Mayweather’s pop admits he thought fight much closer
LAS VEGAS—Floyd Mayweather Sr. admitted on Saturday (Sunday in Manila) he thought things were much closer in the fight between his son Floyd Jr. and Manny Pacquiao at MGM Grand Garden Arena here.
“I told Floyd he needed to do a lot more because we know some judges are crooks,” the trainer said after the bout.
Dave Moretti scored it 118-110 while Glenn Feldman and Burt Clements saw it 116-112 all for Mayweather on Saturday, allowing the brash Michigan-born star to improve his undefeated card to 48-0 on the way to unifying the World Boxing Council, World Boxing Association and World Boxing Organization crowns.
Floyd Jr. revealed on Saturday after the press conference that his father wanted him to unload more against Pacquiao to put the match beyond doubt. Mayweather Sr., according to his son, was affected by the roaring cheers Pacquiao got every time he launched an attack.
“It had an effect on him mentally and he thought the fight was close,” said Pretty Boy Floyd. “My dad was on my ass the whole time because every time [Pacquiao] threw a punch, even when he missed, the crowd would cheer.”
Mayweather, however, knew better.
“I knew judges wouldn’t buy the crowd screaming,” he said, adding that the judges would see how he was making Pacquiao miss and then how he was landing solid counterpunches.
In fact, before the scorecards were officially announced, Mayweather climbed a ring corner, faced the fans and the media in front row and screamed “I knew I won, I knew I won!”
While there was no doubt Floyd Jr. had dominated the match with his uncanny defensive skills, there were still those who felt the bout should have been closer.
“I think Manny won a lot of those rounds because he was the aggressor,” said trainer Freddie Roach.
Still, Roach felt the same thing the jampacked crowd felt when it crowned Pacquiao the unofficial winner of the fight billed the greatest in two decades.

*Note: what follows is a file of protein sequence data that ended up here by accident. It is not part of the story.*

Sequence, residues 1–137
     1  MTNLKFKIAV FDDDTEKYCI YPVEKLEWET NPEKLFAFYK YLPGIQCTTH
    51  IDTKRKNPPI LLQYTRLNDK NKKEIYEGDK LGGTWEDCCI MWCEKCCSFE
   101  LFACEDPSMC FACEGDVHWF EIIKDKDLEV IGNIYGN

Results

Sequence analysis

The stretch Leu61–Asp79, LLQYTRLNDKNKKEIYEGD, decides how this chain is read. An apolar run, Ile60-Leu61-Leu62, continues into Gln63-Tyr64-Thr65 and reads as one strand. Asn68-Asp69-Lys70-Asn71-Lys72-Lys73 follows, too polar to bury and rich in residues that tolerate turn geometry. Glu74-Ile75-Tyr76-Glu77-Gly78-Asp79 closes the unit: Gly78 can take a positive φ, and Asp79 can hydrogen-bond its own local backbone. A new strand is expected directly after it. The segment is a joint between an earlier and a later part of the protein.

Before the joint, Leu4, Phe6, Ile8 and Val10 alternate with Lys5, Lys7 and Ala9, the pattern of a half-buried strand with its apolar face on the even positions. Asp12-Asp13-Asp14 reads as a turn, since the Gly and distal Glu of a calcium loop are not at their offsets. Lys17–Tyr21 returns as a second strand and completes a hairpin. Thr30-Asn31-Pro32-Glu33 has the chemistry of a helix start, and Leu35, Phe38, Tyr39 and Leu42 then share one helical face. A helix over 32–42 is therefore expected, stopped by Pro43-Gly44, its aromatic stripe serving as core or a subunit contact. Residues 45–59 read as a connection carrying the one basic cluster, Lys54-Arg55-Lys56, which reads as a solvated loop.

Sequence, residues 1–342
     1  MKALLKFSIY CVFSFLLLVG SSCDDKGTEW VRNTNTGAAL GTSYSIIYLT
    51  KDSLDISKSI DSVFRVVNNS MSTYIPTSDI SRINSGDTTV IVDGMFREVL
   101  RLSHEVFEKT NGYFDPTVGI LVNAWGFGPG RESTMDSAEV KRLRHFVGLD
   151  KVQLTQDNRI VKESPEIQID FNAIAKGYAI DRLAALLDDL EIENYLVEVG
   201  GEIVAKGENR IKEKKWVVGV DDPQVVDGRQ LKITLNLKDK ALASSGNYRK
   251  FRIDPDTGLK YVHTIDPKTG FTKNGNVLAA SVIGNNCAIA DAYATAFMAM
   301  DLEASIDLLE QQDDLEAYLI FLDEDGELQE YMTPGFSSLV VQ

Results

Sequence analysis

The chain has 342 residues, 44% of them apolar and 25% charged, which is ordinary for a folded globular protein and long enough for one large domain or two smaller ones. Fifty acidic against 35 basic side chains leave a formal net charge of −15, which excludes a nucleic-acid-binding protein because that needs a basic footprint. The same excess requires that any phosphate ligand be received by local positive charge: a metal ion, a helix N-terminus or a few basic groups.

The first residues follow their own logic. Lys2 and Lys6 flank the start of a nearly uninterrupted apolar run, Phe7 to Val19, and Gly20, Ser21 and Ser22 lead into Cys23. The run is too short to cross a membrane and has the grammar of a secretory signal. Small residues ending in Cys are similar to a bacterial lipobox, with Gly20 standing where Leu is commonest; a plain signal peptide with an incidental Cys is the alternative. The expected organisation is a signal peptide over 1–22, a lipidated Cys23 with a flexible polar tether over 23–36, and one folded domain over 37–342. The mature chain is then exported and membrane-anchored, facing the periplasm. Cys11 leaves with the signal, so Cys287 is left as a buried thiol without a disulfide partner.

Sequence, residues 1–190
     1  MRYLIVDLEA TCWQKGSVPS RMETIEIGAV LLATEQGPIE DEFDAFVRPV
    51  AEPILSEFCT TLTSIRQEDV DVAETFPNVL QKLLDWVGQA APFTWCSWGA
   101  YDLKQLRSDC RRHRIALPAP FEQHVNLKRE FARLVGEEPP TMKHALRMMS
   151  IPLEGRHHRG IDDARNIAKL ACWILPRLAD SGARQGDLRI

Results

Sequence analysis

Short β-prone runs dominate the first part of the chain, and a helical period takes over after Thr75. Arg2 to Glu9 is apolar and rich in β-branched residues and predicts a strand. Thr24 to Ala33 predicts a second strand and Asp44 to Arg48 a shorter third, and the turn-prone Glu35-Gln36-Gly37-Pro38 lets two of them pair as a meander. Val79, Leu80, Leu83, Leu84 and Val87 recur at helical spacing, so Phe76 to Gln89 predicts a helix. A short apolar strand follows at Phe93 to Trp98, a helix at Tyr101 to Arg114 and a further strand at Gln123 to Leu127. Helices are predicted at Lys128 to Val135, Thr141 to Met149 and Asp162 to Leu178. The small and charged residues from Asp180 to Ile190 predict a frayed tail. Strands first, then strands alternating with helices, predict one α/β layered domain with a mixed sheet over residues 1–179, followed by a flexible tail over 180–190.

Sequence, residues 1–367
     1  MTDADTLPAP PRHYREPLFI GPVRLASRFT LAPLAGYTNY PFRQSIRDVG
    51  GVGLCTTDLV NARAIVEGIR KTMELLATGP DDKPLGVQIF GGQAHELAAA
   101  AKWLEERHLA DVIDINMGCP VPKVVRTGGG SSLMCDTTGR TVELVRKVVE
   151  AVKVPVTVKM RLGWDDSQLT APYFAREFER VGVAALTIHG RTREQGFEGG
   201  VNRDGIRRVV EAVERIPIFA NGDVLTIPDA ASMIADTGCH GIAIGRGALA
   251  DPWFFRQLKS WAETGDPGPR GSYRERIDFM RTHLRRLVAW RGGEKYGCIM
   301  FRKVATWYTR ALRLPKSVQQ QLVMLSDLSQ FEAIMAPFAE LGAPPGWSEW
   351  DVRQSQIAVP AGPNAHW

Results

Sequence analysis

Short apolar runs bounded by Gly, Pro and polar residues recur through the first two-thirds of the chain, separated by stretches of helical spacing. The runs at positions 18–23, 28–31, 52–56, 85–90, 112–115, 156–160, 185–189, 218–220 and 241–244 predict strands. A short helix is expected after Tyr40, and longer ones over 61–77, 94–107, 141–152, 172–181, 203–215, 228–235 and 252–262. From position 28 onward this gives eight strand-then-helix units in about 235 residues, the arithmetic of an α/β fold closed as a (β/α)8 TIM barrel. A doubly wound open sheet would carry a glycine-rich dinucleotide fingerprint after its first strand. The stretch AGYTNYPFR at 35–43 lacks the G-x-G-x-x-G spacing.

“I’m very proud [of Manny],” he said. “He hurt his opponent several times and landed good combinations. It was a close fight, and we’d love to do it again.”
Pacquiao came into the fight nursing a right shoulder injury and felt that he could have done more had he been allowed to take shots to numb the pain before the match. The eight-division champion felt the Nevada State Athletic Commission (NSAC) “sabotaged” his chances of giving a fair fight by disallowing him to take shots before the match.
The Pacquiao camp also claimed on Sunday that the NSAC and the Mayweather camp conspired to put him at a disadvantage against Mayweather.
“We tried to file for an exemption for a shot for the numbing of my shoulder but the commission did not allow it,” Pacquiao said.
After the fight, though, NSAC officials told journalists that they denied the request of the Pacquiao camp because of its timing. Pacquiao made the request for shots an hour and a half before opening bell.
“Boxing is supposed to be a combat sport and it’s supposed to hurt,” said NSAC chair Francisco Aguilar. “You’re supposed to feel pain. You can’t put a fighter up on the ring who can’t feel pain because that would be dangerous.”
Aguilar brushed off suggestions his commission intentionally denied Pacquiao his shots to favor Mayweather.
“This is not the first time we’ve experienced this,” he said. “We’ve had years dealing with these problems so we know what we’re doing.”
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